Category Archives: Technology
This is one of those exciting apps that you’d love to have as a designer. It allows you to experience the art and craft of letterpress printing on the iPad.
The LetterMpress project has already generated well over required amount of funding on Kickstarter.com to acquire collections of authentic wood type and vintage “cuts” to add to their library.
LetterMpress will be a virtual letterpress environment—released first on the iPad—that will allow anyone to create authentic-looking letterpress designs and prints. The design process is the same as the letterpress process—you place and arrange type and cuts on a press bed, lock the type, ink the type, and print. You will be able to create unlimited designs, with multiple colors, using authentic vintage wood type and art cuts. And you can print your design directly from LetterMpress or save it as an image for import it into other applications.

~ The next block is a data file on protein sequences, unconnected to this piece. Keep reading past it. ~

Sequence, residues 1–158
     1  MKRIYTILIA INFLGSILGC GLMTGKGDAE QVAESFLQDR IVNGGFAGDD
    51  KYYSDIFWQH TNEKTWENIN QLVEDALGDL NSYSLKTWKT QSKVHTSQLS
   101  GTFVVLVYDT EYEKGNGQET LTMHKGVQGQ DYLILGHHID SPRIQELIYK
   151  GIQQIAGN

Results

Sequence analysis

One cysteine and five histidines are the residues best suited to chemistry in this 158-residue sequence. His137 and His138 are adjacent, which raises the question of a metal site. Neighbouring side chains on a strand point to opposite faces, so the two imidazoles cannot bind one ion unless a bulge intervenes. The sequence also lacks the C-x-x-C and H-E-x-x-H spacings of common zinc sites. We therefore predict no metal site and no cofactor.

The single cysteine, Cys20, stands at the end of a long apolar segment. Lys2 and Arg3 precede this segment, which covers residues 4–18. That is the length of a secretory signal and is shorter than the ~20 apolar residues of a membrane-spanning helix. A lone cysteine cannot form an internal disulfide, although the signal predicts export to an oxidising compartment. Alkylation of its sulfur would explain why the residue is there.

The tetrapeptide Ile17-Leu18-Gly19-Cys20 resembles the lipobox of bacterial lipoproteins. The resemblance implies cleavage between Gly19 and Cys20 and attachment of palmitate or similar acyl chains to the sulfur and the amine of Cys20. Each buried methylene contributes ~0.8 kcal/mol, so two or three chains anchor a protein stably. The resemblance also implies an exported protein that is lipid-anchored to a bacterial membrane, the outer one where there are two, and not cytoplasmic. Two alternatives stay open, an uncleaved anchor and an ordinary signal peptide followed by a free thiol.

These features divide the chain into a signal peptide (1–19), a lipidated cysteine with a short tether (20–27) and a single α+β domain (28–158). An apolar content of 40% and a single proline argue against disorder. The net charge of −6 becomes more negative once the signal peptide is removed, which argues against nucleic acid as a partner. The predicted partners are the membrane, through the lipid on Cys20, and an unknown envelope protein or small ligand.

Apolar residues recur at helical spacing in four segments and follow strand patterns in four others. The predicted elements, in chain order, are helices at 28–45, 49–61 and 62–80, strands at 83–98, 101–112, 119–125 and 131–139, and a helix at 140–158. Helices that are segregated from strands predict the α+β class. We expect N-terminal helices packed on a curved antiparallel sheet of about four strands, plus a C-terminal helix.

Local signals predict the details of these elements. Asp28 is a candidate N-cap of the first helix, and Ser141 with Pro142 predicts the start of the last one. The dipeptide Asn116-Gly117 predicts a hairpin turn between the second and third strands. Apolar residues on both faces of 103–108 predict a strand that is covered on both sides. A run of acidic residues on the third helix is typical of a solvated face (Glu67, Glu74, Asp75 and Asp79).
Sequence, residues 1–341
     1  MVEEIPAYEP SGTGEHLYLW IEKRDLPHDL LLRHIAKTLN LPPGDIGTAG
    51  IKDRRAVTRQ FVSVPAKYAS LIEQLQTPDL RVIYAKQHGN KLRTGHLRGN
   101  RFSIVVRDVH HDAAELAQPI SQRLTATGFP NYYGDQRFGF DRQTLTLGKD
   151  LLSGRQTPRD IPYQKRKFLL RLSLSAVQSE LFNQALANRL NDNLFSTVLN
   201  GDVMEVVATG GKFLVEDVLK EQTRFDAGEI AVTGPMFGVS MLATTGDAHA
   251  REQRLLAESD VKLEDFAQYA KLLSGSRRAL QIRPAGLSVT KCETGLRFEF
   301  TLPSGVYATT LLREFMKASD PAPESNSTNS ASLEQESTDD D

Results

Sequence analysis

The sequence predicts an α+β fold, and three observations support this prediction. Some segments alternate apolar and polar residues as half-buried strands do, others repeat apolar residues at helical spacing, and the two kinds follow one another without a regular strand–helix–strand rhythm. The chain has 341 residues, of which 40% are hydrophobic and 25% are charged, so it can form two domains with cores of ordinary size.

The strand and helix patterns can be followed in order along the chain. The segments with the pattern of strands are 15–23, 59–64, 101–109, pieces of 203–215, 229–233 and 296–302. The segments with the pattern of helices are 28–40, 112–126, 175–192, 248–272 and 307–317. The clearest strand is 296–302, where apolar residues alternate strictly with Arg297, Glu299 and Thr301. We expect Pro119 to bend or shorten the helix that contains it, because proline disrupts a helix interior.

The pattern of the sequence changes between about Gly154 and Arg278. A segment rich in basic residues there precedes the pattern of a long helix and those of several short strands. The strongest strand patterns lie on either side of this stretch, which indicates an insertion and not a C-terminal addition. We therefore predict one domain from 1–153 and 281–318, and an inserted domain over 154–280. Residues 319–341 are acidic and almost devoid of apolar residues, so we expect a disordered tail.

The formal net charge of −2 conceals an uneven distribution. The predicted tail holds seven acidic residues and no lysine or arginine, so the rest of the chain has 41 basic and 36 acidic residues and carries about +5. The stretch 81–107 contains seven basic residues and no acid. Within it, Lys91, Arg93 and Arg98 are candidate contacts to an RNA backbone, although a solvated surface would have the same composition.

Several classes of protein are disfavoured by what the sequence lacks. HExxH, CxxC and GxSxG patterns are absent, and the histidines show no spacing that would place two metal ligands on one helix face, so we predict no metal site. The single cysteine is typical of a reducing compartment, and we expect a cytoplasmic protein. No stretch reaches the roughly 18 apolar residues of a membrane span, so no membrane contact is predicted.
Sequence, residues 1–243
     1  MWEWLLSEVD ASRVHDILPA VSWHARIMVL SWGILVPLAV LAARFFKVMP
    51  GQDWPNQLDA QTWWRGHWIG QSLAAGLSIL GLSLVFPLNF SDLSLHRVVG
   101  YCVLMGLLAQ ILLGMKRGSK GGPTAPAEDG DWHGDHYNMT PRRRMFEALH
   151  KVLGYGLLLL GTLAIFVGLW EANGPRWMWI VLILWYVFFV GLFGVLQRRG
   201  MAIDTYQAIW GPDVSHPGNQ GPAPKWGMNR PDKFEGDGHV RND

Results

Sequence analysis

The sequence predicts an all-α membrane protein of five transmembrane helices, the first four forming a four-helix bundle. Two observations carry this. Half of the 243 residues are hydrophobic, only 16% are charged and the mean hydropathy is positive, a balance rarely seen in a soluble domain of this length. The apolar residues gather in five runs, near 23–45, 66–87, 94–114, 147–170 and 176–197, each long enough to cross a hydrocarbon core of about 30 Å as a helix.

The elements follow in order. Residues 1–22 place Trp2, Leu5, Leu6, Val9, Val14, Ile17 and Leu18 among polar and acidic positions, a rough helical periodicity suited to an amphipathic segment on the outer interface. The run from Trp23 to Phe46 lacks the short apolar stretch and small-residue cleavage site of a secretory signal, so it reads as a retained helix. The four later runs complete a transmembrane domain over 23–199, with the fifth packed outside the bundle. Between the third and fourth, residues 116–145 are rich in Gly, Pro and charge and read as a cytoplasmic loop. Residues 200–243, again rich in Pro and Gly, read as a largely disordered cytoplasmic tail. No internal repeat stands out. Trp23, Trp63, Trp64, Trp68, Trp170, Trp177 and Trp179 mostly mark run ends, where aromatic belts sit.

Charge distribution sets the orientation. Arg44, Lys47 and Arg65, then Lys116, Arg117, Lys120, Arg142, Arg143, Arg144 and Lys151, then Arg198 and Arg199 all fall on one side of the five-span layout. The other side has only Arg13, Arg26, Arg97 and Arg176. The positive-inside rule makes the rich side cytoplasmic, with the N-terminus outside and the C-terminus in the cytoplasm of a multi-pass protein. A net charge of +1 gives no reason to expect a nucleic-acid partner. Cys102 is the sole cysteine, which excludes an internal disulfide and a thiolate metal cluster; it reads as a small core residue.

So why bother re-creating what’s considered to be an obsolete process for the new technology of the iPad?
Actually, a letterpress and an iPad operate similarly when it comes to manipulating objects in a composition. Just like placing blocks of wood type on a surface, you drag the type images across the iPad, and then move them around to create your design. This is why the iPad would make an ideal platform for people to experience the creative aspects of letterpress and typography.
Anthony Atala, director of the Wake Forest Institute for Regenerative Medicine, focuses on growing and regenerating human tissues and organs. His team engineered the first lab-grown organ to be implanted into a human, a bladder, and is developing experimental fabrication technology that can “print” human tissue on demand with the help of 3D printing.
Surgeon Anthony Atala demonstrates an early-stage experiment that could someday solve the organ-donor problem: a 3D printer that uses living cells to output a transplantable kidney. Using similar technology, Dr. Atala’s young patient Luke Massella received an engineered bladder 10 years ago; we meet him onstage.
We have seen Kinect’s untapped potential. This music video for Catalina is done with Kinect, Kinect Library for Processing, Cinema 4D and Adobe After Effects. It looks like that the device is now becoming an additional tool for special effects besides CGI.
The detailed production walkthrough can be found here – even the original source files are available if one would want to venture into this.